Jul/Aug 2007 Poetry

Childhood's Recurring Dream

by Carolyn Srygley-Moore

Photography by Kawika Chetron

Childhood's Recurring Dream

Battlegrounds, betrayals, sought proof
of miracles: were there patches of ice on the sea he walked on.
You wear power lightly, a sheathe of light
like a leaf touching time. Look to the trees, then. Blue, she said
softly, blue. And somebody stitched up the sky, a girl and her piano.
They sing of a man and a gun
as birds nibble the quieting rain. I clasp air like memory, asking,
is there room in the wild for one more wish.

The dream, it recurs, the one where I'm not crying anymore.
Wherein I am more than a guess. And the ugly is suddenly beautiful: can one wish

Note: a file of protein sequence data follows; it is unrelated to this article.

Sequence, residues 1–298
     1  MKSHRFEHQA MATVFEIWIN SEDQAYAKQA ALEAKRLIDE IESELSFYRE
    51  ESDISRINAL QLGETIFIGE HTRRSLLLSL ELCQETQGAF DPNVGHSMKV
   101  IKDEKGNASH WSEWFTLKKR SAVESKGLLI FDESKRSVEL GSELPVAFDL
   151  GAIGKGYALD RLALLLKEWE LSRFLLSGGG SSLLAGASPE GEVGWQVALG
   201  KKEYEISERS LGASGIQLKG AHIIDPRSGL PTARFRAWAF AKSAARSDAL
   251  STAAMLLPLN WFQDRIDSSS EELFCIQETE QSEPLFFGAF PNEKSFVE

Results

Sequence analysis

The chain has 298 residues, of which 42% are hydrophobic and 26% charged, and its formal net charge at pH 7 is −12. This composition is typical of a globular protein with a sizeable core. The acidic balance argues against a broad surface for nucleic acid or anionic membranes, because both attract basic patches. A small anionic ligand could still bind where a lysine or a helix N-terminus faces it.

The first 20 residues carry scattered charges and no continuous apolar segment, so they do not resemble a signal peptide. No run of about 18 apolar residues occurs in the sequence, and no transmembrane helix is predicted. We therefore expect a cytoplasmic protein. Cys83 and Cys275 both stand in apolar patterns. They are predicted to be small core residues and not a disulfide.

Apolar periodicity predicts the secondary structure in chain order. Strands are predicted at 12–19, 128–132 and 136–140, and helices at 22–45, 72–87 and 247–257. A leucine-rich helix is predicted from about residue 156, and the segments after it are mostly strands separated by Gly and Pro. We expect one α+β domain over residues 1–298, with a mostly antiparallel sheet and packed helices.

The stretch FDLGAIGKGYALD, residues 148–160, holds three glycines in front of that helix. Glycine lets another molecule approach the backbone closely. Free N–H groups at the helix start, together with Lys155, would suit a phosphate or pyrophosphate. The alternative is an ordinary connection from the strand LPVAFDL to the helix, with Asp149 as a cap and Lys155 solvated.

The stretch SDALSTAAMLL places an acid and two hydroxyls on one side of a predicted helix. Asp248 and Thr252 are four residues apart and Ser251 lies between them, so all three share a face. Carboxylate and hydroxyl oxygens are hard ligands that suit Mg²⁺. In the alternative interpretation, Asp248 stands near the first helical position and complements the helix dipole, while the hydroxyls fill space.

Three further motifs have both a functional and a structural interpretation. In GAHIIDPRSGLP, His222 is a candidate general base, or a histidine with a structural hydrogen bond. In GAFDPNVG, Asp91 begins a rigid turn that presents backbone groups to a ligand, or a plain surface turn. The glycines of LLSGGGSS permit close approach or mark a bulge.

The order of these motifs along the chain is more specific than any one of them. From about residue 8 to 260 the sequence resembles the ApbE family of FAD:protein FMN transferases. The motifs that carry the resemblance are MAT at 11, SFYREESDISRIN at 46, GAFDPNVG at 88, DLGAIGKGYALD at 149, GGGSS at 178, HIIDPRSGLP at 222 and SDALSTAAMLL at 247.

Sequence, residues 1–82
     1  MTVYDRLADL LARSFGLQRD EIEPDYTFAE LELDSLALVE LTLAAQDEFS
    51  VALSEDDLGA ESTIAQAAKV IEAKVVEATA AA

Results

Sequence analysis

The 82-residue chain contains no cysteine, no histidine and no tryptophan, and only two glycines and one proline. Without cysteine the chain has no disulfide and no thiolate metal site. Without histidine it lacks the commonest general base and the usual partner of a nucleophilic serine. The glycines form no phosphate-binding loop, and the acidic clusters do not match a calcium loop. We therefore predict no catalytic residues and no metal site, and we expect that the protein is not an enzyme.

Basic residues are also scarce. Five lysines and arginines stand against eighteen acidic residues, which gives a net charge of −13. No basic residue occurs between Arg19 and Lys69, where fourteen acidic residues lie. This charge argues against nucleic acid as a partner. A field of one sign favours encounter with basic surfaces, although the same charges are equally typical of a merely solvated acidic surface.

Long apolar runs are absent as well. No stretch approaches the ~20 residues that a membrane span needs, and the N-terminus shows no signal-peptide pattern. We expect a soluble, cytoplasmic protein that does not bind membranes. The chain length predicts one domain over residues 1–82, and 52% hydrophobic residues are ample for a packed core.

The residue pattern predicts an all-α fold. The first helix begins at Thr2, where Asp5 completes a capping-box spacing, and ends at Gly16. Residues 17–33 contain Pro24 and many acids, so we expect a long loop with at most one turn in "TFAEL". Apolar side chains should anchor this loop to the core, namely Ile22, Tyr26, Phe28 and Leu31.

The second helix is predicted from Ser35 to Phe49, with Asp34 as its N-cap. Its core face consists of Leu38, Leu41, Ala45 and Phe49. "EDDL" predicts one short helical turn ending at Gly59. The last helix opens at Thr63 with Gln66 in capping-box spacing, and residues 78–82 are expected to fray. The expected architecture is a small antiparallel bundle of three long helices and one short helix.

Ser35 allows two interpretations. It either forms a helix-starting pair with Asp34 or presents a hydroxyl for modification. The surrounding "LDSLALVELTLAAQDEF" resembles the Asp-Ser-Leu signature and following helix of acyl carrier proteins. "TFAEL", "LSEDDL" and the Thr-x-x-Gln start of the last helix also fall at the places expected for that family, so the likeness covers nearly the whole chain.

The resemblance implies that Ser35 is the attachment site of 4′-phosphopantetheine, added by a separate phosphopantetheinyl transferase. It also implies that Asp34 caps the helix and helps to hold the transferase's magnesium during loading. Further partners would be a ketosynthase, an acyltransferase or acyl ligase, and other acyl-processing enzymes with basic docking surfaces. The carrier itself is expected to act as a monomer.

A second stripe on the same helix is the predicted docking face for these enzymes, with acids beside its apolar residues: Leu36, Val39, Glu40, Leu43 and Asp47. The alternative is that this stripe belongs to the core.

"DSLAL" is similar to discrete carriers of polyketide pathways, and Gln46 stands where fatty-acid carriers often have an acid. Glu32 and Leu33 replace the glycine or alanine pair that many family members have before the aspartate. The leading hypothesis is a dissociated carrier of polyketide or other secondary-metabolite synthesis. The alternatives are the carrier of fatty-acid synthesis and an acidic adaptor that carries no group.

render a difference, a crosshatch of reflection on water?
The dead gull is surrounded by wingbeats of light. I am a chance, taken,
an instant of unthinkable, indefinable wind.
Stunned by a highrise of loveliness, I brush scattered tealeaves
from the astrologer's encrypted note, smudging the ink.
I only want a way into this world.

Blue, she says: blue. And I begin weeping on the playground again.


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